Recorded music sales resumed their decline in 2005, the industry's leading global body said Sunday, despite high-profile victories against piracy and a surge in online and mobile music store revenues.
Global music retail revenues fell about 2 percent last year, said John Kennedy, chairman and CEO of the International Federation of the Phonographic Industry. In 2004 they remained flat at $33.6 billion, punctuating a four-year slide.
The new downturn, based on data from three-quarters of the global market, underlined major challenges facing record companies as executives assembled for the music industry's largest European gathering, Midem, which is taking place this week in the French Riviera town of Cannes.
The drop in overall sales came despite a threefold increase in digital music revenue to $1.1 billion from $380 million, while illegal file-sharing volumes changed little, according to a separate IFPI market report published Thursday. The federation sees total sales broadly unchanged in 2006.
Record bosses are now having to look beyond piracy to explain the latest decline in revenues, which have fallen about 20 percent globally since 1999.
"Piracy in all its forms has been the major factor in this reversal but not the only factor," said Eric Nicoli, chairman of EMI Group PLC, the world's No. 3 record company.
Speaking at the MidemNet music technology forum, which preceded the main event, Nicoli also cited tougher competition from other categories of consumer goods.
"Twenty years ago there were no mobile phones, no DVDs, no computer games to speak of," he said. "In categories that did exist, like magazines, cosmetics and designer clothes, we've seen a massive explosion of choice and accessibility to consumers. So no surprise, then, that music sales have come under pressure."
EMI and other record companies are also pressing Apple Computer Inc. to allow more pricing flexibility on its iTunes Music Store, which charges the same rate for any song downloaded 99 cents for U.S. customers. They have argued so far without success that they should be able to charge more for the most sought-after hits.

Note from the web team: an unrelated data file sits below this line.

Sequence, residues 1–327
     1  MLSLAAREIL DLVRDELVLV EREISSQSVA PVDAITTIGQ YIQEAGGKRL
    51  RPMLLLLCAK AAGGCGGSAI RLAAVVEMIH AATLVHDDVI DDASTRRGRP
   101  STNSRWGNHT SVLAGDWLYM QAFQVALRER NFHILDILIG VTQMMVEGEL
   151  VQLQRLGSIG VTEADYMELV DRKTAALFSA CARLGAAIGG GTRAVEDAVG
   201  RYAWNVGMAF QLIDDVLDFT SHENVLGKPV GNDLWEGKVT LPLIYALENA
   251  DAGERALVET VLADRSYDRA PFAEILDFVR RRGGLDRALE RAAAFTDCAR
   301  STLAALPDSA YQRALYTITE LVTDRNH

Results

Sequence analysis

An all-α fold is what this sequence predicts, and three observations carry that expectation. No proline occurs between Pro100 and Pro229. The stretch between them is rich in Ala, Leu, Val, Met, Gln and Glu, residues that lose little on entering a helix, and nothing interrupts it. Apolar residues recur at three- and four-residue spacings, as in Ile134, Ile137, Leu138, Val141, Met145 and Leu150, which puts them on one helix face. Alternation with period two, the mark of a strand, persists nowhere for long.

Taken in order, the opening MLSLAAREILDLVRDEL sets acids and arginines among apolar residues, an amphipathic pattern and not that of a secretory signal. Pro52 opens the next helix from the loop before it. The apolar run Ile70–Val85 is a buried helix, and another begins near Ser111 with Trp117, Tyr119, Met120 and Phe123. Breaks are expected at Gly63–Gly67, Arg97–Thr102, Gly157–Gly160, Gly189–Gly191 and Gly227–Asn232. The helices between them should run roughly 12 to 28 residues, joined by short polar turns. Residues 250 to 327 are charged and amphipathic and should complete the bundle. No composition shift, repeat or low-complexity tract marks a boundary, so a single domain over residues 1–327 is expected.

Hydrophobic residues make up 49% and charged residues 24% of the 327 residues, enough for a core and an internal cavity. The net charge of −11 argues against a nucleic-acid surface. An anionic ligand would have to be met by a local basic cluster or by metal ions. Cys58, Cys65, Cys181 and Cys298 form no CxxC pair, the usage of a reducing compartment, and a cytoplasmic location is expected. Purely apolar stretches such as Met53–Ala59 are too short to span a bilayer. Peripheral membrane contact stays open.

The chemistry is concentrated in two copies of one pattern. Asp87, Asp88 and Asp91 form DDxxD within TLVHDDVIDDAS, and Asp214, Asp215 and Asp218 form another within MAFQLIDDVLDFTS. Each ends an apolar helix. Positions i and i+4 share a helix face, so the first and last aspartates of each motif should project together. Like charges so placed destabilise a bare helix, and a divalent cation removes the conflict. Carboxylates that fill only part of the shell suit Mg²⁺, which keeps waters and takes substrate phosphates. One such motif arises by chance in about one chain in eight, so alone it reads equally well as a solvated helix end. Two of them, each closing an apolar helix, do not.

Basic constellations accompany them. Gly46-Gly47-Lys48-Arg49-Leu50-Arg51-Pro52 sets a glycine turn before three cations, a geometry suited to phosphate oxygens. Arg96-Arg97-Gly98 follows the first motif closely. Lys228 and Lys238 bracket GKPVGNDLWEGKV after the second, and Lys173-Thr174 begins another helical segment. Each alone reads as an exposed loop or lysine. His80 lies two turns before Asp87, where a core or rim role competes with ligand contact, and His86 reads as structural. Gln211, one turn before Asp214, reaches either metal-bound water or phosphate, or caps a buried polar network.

Apple's iTunes accounts for about 70 percent of U.S. and British online music sales and has significant shares of its 19 other markets. Its popularity is widely credited with halting the growth of piracy, but record companies complain that this has come at the price of a loss of control over their own pricing and marketing.
"One of the biggest mistakes we've made is to hand a monopoly to the retailer," said Alison Wenham, chairman and chief executive of the Association of Independent Music, which represents 800 indie labels.
Some analysts see other reasons for the industry's current woes. "Executives have focused so much of their attention on piracy that they've diverted their efforts from developing new talent," said Phil Leigh of Inside Digital Media, a U.S. market research firm.
Entertainment companies won a series of major court rulings against music piracy in 2005, including a June U.S. Supreme Court decision allowing them sue the file-sharing site Grokster for encouraging copyright infringement. Grokster paid $50 million to settle out of court and closed down the site pending a planned switch to licensed sales.
But anti-piracy laws and their enforcement remain patchy in some parts of the world. Record companies, copyright holders' groups and artists are planning protests during Midem against a French move last month to legalize online file sharing.
In a rebellion by lawmakers from the conservative ruling party, the French parliament approved amendments introducing a so-called "global license" allowing Internet subscribers who pay an extra monthly fee to copy as much music as they like online. The government is seeking the amendments' withdrawal and is expected to announce compromise proposals in coming days.
Despite the music industry's gloomy sales and outlook, almost 9,500 participants from 92 countries are registered to take part in Midem, which runs through Thursday. That's a 7 percent increase from 2005.